Children from disadvantaged backgrounds tend to have more health problems throughout their lives than their privileged peers. A study has now found a way that these health inequalities take hold – it happens before birth, if a mother faces heightened stress during pregnancy.
Stress is known to take its toll on the immune system. More disadvantaged people face more stress in their daily lives – from food access and living in worse conditions, to the general hassles of daily life. During pregnancy, this stress also affects the health of the foetus.
One marker of immune stress was linked to increased neurological abnormalities in children at the age of 4 months and 1 year, according to a study in the journal PNAS. The study looked at five markers in about 1,500 pregnant women.
The marker IL-8 was particularly low among pregnant women from the most disadvantaged families. When their children were followed up at 4 months and a year, they were much more likely to have a neurological abnormality. These included differences in the children's gait, motor function, muscle tone or sensory skills.
"This reinforces the importance of the early environment for neurological development and long-term health," study author Stephen Gilman of the Eunice Kennedy Shriver National Institute of Child Health and Human Development in the US told IBTimes UK.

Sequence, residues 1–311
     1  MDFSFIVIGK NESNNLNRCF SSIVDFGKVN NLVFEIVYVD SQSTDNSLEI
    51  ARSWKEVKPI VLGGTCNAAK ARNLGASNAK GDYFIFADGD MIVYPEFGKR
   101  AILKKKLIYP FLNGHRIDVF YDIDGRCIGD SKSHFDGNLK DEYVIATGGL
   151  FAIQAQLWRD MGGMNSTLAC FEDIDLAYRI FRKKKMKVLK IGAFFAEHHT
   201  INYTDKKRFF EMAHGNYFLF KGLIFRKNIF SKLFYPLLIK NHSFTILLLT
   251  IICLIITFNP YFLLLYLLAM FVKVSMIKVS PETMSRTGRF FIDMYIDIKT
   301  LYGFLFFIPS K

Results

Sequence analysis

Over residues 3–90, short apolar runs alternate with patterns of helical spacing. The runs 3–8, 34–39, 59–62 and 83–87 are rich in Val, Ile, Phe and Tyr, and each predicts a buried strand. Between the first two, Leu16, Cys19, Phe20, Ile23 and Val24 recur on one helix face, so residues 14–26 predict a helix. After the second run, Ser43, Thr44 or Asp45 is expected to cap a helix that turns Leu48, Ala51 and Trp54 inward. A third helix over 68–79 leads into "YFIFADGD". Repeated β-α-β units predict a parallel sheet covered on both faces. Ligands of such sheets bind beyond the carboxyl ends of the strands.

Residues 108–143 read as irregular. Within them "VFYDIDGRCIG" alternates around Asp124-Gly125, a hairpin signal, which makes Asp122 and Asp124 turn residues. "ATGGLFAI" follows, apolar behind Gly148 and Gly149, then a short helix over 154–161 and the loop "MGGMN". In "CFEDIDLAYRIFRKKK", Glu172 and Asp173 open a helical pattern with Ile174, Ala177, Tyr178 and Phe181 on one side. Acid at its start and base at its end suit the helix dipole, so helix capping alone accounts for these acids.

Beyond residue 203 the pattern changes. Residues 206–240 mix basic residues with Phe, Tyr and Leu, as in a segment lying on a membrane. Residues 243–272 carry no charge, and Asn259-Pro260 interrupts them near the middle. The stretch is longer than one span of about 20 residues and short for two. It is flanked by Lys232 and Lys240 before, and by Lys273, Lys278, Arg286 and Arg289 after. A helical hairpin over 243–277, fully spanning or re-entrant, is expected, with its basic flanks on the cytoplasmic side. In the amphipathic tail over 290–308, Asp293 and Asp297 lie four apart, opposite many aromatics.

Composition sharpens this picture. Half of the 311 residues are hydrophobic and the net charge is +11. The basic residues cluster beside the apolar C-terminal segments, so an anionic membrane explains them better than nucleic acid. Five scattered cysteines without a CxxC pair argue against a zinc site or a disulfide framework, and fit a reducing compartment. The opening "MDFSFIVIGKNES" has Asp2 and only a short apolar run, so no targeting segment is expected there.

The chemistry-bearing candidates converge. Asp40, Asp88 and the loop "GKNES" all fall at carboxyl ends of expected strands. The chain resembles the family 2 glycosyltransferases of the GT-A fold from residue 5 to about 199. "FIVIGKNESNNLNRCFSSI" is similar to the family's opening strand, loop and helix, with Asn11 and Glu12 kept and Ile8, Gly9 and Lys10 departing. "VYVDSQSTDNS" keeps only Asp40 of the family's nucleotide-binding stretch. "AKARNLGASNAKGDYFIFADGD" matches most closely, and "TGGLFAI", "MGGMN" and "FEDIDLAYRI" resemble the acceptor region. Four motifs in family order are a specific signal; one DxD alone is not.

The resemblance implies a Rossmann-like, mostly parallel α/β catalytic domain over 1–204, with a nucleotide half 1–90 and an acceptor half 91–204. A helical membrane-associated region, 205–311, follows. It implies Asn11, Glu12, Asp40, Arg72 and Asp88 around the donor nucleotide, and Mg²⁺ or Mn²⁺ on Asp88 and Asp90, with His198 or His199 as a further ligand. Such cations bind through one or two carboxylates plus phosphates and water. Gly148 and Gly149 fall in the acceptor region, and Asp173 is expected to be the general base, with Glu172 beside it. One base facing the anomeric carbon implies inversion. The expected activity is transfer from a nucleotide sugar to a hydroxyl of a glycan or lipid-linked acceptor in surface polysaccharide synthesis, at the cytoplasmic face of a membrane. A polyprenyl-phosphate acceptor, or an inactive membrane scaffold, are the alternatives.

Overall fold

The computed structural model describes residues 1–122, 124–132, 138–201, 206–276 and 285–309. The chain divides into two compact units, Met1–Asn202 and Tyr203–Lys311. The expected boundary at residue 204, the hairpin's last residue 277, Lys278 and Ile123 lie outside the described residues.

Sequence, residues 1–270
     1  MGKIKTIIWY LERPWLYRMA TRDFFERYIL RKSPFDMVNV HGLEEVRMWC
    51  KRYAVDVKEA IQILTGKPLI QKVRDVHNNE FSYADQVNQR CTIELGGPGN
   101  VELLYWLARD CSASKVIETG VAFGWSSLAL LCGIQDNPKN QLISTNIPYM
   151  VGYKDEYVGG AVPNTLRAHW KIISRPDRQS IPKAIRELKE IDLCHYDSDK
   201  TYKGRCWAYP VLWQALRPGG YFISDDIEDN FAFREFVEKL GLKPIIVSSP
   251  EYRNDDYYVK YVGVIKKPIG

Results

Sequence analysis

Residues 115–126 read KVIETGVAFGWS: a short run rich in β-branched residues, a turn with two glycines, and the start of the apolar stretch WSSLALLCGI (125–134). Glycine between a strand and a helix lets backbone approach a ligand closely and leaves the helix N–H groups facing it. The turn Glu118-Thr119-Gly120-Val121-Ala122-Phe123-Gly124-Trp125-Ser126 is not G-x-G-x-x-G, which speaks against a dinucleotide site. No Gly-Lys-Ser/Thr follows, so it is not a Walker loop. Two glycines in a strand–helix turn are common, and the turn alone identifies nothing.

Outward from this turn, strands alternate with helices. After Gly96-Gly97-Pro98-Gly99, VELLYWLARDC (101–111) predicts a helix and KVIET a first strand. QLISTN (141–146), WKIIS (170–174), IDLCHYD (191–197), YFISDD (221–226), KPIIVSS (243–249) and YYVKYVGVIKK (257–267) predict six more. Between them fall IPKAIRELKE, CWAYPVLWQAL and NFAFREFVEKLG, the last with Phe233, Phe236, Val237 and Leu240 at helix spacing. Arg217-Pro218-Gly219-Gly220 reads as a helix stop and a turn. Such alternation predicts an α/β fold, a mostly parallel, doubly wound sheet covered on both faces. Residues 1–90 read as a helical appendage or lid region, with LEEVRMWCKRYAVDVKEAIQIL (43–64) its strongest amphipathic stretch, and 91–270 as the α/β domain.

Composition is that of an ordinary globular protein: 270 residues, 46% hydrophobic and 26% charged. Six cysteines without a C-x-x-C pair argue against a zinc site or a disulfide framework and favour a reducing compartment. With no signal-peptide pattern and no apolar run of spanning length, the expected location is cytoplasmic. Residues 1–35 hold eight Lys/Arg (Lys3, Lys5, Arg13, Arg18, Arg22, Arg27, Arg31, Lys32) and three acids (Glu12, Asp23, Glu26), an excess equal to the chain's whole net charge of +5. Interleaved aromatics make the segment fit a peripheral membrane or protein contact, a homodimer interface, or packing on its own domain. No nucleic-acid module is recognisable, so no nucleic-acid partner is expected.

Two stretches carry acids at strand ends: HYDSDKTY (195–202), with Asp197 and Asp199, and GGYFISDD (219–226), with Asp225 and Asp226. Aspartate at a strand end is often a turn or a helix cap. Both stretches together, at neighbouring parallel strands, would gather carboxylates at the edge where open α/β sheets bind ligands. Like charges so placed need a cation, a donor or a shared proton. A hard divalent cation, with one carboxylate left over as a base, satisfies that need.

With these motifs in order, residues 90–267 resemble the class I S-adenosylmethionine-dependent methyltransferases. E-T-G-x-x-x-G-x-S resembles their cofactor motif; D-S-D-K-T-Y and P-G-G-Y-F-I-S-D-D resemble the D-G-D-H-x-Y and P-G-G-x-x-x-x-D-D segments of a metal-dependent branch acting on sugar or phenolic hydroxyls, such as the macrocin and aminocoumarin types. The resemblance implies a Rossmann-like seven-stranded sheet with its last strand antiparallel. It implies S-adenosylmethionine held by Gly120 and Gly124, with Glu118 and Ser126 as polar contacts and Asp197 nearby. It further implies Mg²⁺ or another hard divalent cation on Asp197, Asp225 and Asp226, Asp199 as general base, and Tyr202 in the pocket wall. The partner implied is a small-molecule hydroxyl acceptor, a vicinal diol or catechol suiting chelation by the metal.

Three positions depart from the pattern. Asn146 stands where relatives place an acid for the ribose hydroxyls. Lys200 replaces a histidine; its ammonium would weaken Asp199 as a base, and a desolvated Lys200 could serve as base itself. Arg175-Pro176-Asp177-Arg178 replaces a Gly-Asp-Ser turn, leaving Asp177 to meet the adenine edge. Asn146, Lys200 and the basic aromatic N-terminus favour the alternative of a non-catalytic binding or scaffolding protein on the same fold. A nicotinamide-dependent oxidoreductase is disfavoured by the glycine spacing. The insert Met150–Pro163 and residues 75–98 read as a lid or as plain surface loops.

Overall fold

"Anything we can do to optimise the environment as early as possible will have long-term benefits."
This stress response during pregnancy is just one of a range of ways that predisposes people from disadvantaged backgrounds to health problems. But the findings are a step towards getting to grips with the underpinnings of health inequalities.
"We've long observed that children raised in disadvantaged environments face higher risks of health complications," said Gilman. "To identify a potential mechanism that could eventually be the target of an intervention to reduce the socioeconomic aspects of health is one of the most exciting things."
Even before then, knowledge of how stress affects the mother and the foetus could inform health policy, said psychologist Nadja Reissland of Durham University, who was not involved with the study. Stress is also a factor that can increase women's likelihood of smoking, which further threatens the health of the foetus.
"Mothers who are stressed will behave in a way that is not very healthy because they just try to get by. What we need to do is help pregnant mothers reduce their stress levels," Reissland said.
"Women who are pregnant might need more support. The partner has a big role to play, but they aren't always present or supportive. They might be abusive. The support that a mother needs is currently under-estimated in our health services."